Two prominent Johannine characters, i.e., Didymos Thomas and Bartholomew [Nathanael], and their contributions to the Indian/universal Christianity are much discussed in the popular scholarly circles. Today (25th July 2013), I was browsing through the 327 pages “Regulations and Syllabus” (Bachelor of Divinity; 2010) of the Senate of Serampore College/University. My intention was to see how the Thomas and Bartholomew studies are treated throughout the newly introduced curriculum of the university. Surprisingly, the St. Thomas and St. Bartholomew traditions are almost rooted out from the theological exercises in India. Except a minor reference to the traditions in page # 208 (of St. Thomas and St. Bartholomew together as a minor sub-section), there is no reference to this universally acclaimed tradition/s related to these key biblical/historical figures. In this case, the 1991 syllabus treated the subject matter far better as that incorporated the subject matter in pages 104 and 115. It seems that the importance of these key figures is diminishing in the theological circles of India. There would have been at least a course offered exclusively focusing on these two figures. As they are the two figures who continually challenge us from the biblical, apocryphal, and missional documents, their role and significance must not be disregarded in our excavations and researches. In my continued research on Thomas and Thomas Christianity during the last few years I was able to come across challenging findings. What is the kind of education we offer without connecting Indian Christianity with the universal sphere of thinking? Theology is becoming uncritical, monotonous, and easy going in the contemporary Indian context. Repetition is one of the important drawbacks. In a context in which theology is the monopoly of a few privileged people and based on projects and projections, what else can we expect?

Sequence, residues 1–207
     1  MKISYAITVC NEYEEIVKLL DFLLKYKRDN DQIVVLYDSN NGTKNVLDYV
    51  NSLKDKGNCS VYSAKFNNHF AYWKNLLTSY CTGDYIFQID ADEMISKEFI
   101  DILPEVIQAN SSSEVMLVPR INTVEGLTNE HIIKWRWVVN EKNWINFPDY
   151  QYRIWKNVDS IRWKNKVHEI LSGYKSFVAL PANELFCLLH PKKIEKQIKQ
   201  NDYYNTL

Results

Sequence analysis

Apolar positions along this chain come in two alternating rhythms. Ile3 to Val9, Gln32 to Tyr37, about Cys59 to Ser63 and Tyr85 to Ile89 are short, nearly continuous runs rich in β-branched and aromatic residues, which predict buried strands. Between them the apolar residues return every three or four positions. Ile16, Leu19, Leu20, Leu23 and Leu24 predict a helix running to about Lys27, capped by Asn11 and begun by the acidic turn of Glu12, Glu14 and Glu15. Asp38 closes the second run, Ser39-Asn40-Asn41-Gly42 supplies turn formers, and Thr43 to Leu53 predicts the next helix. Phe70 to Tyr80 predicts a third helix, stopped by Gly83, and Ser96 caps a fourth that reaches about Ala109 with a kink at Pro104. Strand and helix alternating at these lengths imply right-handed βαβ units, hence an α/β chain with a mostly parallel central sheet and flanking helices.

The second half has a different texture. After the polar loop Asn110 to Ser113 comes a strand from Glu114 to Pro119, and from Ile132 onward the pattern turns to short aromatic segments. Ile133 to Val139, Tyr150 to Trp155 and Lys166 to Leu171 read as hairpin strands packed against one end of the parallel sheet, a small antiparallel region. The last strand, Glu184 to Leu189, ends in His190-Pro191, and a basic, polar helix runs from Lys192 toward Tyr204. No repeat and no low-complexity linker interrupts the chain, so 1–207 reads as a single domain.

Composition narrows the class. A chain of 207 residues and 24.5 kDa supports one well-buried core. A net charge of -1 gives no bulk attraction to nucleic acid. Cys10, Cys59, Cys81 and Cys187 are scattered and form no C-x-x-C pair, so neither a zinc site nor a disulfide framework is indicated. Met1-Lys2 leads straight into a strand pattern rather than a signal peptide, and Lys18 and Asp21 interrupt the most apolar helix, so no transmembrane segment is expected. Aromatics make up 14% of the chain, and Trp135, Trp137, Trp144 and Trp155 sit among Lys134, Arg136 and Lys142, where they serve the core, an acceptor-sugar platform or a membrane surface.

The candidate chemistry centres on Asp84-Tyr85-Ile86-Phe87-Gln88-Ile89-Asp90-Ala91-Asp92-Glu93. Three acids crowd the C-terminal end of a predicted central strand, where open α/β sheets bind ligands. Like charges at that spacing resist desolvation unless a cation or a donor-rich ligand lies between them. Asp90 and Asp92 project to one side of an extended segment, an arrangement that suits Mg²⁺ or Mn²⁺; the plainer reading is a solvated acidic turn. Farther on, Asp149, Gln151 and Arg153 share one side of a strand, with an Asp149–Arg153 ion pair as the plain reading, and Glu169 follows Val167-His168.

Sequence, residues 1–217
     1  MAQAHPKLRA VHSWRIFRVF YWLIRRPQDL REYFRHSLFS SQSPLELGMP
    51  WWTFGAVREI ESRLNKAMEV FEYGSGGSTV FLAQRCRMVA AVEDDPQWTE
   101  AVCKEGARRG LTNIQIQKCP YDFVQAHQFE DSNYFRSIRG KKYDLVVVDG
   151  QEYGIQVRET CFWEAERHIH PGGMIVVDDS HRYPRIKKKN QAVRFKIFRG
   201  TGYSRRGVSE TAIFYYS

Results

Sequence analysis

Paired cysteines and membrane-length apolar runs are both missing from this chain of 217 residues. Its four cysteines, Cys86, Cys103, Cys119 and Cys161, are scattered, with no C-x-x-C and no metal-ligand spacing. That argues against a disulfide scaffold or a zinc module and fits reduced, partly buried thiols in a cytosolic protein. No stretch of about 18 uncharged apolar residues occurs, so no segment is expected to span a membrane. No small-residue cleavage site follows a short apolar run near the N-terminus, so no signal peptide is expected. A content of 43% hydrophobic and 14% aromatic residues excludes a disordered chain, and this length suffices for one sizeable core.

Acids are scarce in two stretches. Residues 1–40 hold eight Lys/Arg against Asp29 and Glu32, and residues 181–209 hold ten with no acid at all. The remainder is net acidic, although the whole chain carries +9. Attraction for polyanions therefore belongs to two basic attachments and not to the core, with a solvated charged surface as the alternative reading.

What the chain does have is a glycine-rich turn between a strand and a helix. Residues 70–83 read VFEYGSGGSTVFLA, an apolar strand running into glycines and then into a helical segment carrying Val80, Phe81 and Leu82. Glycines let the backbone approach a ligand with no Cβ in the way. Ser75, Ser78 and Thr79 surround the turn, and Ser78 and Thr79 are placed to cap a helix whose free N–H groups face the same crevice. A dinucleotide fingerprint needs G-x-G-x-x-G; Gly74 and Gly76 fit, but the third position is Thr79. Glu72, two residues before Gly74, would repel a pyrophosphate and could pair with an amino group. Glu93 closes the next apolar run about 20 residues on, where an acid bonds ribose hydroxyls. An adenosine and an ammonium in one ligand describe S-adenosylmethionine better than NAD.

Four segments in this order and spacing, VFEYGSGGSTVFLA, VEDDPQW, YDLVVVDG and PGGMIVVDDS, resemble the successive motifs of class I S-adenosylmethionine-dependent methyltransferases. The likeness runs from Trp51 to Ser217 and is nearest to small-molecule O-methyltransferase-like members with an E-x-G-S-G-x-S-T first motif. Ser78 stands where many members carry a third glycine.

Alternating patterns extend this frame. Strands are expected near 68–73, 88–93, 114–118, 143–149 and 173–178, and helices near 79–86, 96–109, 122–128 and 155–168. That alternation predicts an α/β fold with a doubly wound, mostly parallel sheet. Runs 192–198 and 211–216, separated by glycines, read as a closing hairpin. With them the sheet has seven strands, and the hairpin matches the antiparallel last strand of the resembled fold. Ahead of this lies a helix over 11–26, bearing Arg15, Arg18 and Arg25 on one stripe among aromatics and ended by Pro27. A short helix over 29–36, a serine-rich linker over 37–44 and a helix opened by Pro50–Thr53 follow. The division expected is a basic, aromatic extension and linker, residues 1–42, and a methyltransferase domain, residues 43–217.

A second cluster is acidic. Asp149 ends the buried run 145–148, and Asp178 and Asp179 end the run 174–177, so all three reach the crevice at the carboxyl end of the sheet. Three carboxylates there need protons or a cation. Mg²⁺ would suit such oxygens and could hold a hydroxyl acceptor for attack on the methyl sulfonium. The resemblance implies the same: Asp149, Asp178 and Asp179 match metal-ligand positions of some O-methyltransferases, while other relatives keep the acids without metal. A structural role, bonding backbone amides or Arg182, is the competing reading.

By Johnson Thomaskutty, Union Biblical Seminary, Pune, India